Another day, another story about how hard it is to make plus-size clothing.
Retailers, see, aren't dumping plus ranges because they don't want sweet ca$h money from fatsos — they're ditching them because of contracting consumer spending, patternmaking costs and production expenses. But how well do these excuses hold up?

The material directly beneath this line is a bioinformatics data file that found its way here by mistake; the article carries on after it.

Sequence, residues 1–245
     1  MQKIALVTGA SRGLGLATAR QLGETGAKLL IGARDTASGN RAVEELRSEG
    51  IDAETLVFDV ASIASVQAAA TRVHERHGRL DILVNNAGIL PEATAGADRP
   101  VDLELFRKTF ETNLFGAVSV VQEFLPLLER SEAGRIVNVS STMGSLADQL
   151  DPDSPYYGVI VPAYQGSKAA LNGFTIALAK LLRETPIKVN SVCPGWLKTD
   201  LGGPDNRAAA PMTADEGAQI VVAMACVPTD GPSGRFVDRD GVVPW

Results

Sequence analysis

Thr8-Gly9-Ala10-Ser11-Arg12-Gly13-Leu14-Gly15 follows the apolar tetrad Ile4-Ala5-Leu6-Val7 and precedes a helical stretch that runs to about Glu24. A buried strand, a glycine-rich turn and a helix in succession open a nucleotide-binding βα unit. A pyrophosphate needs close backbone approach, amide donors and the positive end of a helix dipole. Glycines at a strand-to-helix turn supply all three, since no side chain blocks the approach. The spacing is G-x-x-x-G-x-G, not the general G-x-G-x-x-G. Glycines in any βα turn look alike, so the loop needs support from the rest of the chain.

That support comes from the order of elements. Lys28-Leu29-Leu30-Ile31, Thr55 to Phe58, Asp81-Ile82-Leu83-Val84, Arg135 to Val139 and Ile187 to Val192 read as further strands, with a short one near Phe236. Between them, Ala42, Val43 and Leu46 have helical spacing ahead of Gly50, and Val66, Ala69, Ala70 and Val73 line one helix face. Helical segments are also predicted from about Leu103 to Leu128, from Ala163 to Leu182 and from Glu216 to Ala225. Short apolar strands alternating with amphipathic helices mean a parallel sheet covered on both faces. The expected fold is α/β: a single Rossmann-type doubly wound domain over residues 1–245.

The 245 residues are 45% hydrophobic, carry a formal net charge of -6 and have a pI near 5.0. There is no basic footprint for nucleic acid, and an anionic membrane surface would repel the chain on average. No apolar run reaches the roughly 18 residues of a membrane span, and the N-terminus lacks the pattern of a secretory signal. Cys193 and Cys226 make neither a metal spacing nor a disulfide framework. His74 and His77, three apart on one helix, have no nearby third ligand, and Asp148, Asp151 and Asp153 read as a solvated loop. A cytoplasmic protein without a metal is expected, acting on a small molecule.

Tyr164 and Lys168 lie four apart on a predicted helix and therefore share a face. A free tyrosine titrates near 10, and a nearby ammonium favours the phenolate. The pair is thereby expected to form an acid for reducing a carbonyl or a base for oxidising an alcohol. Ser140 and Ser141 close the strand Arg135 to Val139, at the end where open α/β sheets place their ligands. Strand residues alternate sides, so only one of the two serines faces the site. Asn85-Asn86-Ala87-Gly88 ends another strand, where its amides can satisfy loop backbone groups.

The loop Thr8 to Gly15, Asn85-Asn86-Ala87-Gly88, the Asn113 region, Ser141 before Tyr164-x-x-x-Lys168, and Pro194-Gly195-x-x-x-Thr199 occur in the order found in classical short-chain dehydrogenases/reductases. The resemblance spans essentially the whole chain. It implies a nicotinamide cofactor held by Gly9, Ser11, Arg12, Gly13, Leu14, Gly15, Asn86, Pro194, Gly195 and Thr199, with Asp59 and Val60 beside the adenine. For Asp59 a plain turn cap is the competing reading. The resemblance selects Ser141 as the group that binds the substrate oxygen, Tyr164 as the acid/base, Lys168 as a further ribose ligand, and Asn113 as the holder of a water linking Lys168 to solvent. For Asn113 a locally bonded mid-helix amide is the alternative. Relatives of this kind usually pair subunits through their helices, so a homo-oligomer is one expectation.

As you might have heard, plus-size clothing has been one of the early casualties of the recession-plagued American fashion industry. Ellen Tracy has gotten rid of its plus-size division, and Ann Taylor and Ann Taylor Loft have joined retailers like the Gap and Banana Republic in only selling sizes 16 and up online. The ostensible reason? Lack of demand and higher costs. This is despite the fact that the "average" U.S. woman is a size 14, and the fact that an interest in fashion knows no size. With each new move to take plus-size clothing off the shop floor — or out of production altogether — we are told that designing and manufacturing plus-size clothes is simply too costly in current market conditions.